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''We will not tolerate attacks on our staff or our equipment,'' St John South Island region general manager David Thomas wrote in an open letter to Otago's students, sent to the Otago Daily Times.
''In recent months we have had defibrillators removed from ambulances (as a joke) and other items taken and vehicles and equipment damaged.''
His letter came in response to the attack on a St John rapid response unit following the Hyde St keg party on Saturday afternoon.
The 19-year-old student allegedly responsible for shoulder-charging the vehicle's window and spraying the female paramedic with glass handed himself in to Dunedin police on Sunday.
He was charged with wilful damage and would appear in the Dunedin District Court on March 27, Senior Sergeant Phil McDouall said.
Twelve others were arrested at the event on charges including assaulting security staff, fighting, disorder and offensive behaviour.
St John staff found the number of ''grossly intoxicated'' revellers disappointing.
''Always, after the event, everyone is sorry and seeks diversion under a legal process as it may affect future employment prospects,'' Mr Thomas continued.
''Please think how your actions may impact on the lives of others and a loss of a vehicle or piece of equipment may cost a life that cannot be replaced.
''While we remain committed to helping people in need in the community, we will not support diversion for attacks against our staff or equipment. So be very aware of the consequences of your action at all times.''
The behaviour of students at this year's Hyde St party has split landlords' opinion on the event's future.
Some have called for an end to the annual event,while others support the recent changes to the event's organisation. Landlord Neville Kershaw said he would ''prefer it didn't happen''.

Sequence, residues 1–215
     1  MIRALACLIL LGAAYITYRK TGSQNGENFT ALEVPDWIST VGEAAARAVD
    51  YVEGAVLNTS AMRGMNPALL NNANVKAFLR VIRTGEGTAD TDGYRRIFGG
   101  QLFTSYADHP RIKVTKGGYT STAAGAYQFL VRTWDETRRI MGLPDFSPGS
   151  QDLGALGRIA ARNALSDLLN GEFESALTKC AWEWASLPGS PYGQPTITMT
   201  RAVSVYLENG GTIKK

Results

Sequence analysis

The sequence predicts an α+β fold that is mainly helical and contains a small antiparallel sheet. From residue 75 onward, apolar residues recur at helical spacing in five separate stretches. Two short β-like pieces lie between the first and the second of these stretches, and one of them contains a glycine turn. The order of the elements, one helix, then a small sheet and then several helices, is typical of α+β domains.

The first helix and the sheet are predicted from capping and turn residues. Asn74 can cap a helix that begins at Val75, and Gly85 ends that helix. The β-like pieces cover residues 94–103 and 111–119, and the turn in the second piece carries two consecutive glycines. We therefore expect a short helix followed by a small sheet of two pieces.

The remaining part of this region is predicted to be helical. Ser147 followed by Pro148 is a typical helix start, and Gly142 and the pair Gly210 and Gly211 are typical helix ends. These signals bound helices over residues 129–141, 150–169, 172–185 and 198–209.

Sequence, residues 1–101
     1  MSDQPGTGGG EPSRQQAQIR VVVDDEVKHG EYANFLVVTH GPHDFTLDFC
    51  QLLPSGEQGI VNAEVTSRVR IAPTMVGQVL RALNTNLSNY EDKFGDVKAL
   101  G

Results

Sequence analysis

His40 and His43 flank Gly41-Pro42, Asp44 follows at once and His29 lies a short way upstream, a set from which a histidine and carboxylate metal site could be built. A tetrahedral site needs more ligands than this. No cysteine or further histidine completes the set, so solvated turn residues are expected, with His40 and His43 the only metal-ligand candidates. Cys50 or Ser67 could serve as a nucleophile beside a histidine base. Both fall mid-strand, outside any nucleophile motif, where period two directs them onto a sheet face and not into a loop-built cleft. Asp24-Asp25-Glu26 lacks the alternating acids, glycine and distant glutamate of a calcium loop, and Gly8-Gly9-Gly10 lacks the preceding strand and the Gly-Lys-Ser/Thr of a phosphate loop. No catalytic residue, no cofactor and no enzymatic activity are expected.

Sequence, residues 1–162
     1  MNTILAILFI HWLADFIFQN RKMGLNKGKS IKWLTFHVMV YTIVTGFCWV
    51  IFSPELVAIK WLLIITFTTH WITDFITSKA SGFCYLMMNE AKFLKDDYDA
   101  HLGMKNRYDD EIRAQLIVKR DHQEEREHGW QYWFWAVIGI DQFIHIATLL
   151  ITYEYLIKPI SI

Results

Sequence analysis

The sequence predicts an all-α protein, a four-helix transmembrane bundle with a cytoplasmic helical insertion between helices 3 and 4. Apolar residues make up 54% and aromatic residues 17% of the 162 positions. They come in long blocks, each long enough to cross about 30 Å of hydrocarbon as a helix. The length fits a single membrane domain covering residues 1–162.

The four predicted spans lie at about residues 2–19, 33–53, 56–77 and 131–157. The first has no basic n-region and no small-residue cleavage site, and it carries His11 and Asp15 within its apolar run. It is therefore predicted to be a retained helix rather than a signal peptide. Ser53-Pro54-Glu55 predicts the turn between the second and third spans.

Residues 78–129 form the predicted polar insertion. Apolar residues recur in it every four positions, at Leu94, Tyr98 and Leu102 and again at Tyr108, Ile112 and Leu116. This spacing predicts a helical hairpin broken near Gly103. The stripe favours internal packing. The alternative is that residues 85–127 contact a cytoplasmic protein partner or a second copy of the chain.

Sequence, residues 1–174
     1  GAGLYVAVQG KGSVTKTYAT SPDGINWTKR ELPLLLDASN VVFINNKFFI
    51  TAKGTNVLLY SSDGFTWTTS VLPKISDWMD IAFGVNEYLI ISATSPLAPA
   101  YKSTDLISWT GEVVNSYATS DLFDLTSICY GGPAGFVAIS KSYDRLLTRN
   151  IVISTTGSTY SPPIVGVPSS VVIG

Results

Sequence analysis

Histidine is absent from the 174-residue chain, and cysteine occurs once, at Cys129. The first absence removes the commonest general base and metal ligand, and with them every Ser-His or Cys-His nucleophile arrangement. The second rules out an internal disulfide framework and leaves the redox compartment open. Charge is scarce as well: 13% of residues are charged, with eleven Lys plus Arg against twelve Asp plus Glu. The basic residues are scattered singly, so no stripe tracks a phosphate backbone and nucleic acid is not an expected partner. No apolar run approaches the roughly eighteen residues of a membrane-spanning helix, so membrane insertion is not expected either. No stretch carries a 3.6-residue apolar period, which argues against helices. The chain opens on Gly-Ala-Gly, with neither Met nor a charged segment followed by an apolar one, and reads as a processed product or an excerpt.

''It's still a disaster waiting to happen,'' he said.
''We have had $10,000 of damage to one of our places a few years ago.
''We didn't have any damage last year so as a landlord we were OK - but ... we will have a disaster and then it's too late.''
The increasing cost of insurance for properties on the street also created problems for landlords.
He did not want to ruin students' fun but wanted the format of the event changed and for it to be held in the campus area and off the street.
''Imagine if you did that in your street and had a party and jumped around people's roofs. It wouldn't last five minutes,'' he said.
''It defies logic, really.''
Fellow landlord Phil Seaton said recent changes had made a ''big difference'' to the safety of the event and the resulting damage.
''This year and last year went really well,'' he said.
''I have got no worries with it at all.
''The last two years I have seen a great improvement with how they control it.''
The event had history and was an exciting part of being a Dunedin student, he said.
Another landlord, who did not wish to be identified, said the party created stress for landlords, but the culture on Hyde St was the issue.
''There's been other parties that I have had huge difficulty with,'' she said.
''[The Hyde St keg party] isn't the concern; it's the pop-up parties.
''I was a student once upon a time and it's just different now.''
She had heard of a landlord on the street who could not get insurance because of the volume of claims and agreed that it should be hosted elsewhere.
''I personally don't want it. It's a stress for us,'' she said.
''I'm opposed to any big street party at this point in time.''
University of Otago vice-chancellor Prof Harlene Hayne said the university would work with all those involved in the party to ''provide fun and safe events for students in the future''.
What form those events might take would not be known until a debriefing was held later this week.
The student responsible for attacking the St John vehicle would also face discipline under the university's Code of Student Conduct, she said.